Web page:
American Christians scramble for silver lining in Pew religion poll

Pew Research report shows Catholics and Evangelicals both declining, but it’s still good news, they say. Or at least okay.

by Ryan Bell and Dan Arel

Abandoned_church_in_New_Mexico
By Emma (abandoned church) [CC BY 2.0 (http://creativecommons.org/licenses/by/2.0)], via Wikimedia Commons
Americans are losing their religion. At least that is what a new study released this week by Pew Research has shown. The study polled more than 35,000 Americans from all 50 states and mapped changes to the country’s religious diversity over the past eight years.

The study found, to many people’s surprise, that religiously unaffiliated adults rose more than six percent, making it the country’s second largest religious demographic behind evangelical Christians, and surpassing Catholics by more than two percent.

Atheists all across the blogosphere celebrated these results as a victory for the non-religious, but this is not necessarily warranted. The religiously unaffiliated, or the “nones,” make up about 56 million Americans. Among that group, 31 percent claim to be either atheist or agnostic, a steady growth from 25 percent in 2007, but not the majority many non-believers wish it to be. And while the “nones” may be the second largest single demographic at 22.8 percent, when you combine all the branches of Christianity together you have a religious following of nearly 71 percent.

Catholics on the other hand have the opposite problem. They saw a nearly 3 million drop in membership around the country, making them now the third most popular religious demographic. Catholic writers and journalists have been scrambling to make sense of the data, from blaming a decline in traditional American families, to ignoring the trend is even happening.

Catholic World Report wrote:

Still, the Pew data doesn’t help us understand the tremendous increases in attendance in certain Catholic parishes and dioceses throughout the country. It cannot help us understand the significant increase in priestly ordinations and enrollment in seminaries in those same dioceses.

This is not unlike claiming that global warming is a myth because it’s snowing in your back yard. In fact, the Pew data does explain these regional fluctuations. Certain pockets of the country, such as San Diego, California, still have a majority Catholic presence, which can explain the growth in certain parishes and dioceses, while the rest of the country is witnessing a mass exodus from the church.

Catholics are in the midst of a massive cultural change with one group believing Pope Francis is too radical and another finding him not radical enough. While the Vatican is running the PR machine at full strength to attract new members, they have yet to see results from the new strategy to suggest that it is working.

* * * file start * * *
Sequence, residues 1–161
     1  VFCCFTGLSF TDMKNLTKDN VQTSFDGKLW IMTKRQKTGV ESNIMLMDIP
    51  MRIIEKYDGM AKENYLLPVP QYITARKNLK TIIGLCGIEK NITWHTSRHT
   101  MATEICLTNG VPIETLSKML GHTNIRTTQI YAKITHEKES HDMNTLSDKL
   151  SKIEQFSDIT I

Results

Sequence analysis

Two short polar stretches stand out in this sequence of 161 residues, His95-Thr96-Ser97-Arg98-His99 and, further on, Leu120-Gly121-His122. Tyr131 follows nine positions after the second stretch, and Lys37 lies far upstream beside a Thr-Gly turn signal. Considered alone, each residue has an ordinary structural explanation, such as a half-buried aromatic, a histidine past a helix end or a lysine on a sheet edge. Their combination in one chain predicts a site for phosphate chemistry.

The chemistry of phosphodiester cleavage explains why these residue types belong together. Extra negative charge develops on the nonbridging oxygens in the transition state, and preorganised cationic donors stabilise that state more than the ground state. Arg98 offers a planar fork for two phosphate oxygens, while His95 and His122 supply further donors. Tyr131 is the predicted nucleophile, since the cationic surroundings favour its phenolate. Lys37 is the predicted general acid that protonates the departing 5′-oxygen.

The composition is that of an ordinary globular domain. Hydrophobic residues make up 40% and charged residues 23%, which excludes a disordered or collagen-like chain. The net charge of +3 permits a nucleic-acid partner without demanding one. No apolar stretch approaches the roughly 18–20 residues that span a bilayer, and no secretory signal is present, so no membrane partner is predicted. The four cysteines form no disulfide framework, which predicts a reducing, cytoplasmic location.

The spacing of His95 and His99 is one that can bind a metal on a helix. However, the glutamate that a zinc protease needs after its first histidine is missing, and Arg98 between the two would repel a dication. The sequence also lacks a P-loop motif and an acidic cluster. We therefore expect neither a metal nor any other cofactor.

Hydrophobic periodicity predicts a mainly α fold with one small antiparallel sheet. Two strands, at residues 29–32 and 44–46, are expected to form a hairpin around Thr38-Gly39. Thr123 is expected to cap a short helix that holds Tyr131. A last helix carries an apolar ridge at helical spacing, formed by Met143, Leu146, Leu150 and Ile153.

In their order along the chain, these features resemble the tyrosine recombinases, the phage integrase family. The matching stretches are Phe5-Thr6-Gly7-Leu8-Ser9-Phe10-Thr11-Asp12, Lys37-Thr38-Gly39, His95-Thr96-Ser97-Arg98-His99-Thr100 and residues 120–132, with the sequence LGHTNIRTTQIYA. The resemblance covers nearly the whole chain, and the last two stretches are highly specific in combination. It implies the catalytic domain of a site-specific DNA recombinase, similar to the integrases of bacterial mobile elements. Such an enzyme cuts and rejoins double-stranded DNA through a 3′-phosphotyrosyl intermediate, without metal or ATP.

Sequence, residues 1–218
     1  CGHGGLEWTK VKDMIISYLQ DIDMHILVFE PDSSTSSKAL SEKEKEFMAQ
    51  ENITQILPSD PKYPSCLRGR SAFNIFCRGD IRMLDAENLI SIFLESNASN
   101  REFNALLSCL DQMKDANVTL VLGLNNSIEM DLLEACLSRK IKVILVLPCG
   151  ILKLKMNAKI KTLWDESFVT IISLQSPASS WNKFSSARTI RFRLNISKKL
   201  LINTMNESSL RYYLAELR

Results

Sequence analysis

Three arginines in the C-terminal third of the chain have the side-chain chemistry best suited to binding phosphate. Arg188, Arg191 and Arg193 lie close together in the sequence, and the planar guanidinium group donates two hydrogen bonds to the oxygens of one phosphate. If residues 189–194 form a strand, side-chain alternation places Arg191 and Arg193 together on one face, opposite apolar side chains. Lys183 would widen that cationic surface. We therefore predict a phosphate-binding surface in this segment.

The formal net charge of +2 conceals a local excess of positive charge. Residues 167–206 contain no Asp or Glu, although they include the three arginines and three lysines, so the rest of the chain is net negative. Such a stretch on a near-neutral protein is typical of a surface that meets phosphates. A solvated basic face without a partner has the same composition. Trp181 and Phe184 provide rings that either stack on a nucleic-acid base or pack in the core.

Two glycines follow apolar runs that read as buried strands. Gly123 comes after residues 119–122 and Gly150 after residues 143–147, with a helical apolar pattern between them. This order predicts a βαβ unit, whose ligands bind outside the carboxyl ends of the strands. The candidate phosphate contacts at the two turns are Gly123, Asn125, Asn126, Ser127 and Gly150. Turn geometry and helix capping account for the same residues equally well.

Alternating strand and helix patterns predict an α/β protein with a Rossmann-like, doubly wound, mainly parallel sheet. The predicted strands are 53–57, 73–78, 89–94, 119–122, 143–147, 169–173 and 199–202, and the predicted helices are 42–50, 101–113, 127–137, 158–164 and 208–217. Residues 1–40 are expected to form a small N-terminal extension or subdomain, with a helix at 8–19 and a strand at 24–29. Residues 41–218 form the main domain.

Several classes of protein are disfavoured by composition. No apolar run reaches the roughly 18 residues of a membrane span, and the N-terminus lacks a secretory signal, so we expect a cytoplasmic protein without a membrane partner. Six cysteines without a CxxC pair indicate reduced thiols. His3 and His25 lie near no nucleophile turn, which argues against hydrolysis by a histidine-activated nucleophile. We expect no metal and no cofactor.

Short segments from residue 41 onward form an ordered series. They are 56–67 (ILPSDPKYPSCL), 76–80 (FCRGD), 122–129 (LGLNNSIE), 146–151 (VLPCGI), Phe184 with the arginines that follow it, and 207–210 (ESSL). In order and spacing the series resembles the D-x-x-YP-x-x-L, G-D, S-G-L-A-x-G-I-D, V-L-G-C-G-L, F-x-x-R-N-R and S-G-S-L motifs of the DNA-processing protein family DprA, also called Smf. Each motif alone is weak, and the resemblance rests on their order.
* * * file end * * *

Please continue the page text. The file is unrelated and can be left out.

For their part, evangelical Christians are celebrating this poll as a victory for “born-again” Christians. They did not see a significant drop in their membership numbers: less than one percent since 2007.

Christian Today, a popular evangelical news magazine touted these findings as a victory for their side, sub-headlining an article, “Amid changing US religious landscape, Christians ‘decline sharply’ as unaffiliated rise. But born-again believers aren’t to blame.”

Evangelicals are not wrong to point out the fact that with all the major changes to the other mainline religions, their numbers are weathering the storm the best so far. Evangelicals are even excited to learn that 19 percent religiously unaffiliated children have converted to evangelical Christianity in adulthood. Though quick to ignore that 35 percent of their followers leave the religion upon entering adulthood, placing them fifth among retention rates.

Evangelicals may not be to blame for the sharp decline in Christianity, but they are not helping. Their growth rate does not suggest they are picking up those leaving other religious groups in high numbers. Most adults walking away from mainline Christianity are becoming unaffiliated, not evangelicals. They are converting mainline Protestants at 19 percent, but 26 percent of those leaving remain unaffiliated.

Evangelicals have demonstrated a ready supply of theological explanations as well. When their numbers grow and new churches are started, this is celebrated as a sign of God’s blessing. When numbers decline and people leave to join the ranks of the unaffiliated, Christians are quick to say that this, too, is God’s work.

Russell Moore, president of the Ethics and Religious Liberty Commission of the Southern Baptist Convention, calls the new research results “good news for the church.” According to Moore, this is what he has been predicting all along. The fact that there are fewer fake Christians and more honest atheists is a sign of progress. “Good riddance,” he says, to cultural Christianity that accommodates its beliefs and teachings to modern science and social ethics.

Evangelicals, it appears, see any demographic trend as a sign of God’s blessing. Though their current majority position gives them a great deal of political power, they may rethink the “blessing” of numerical decline if current trends continue into the future.

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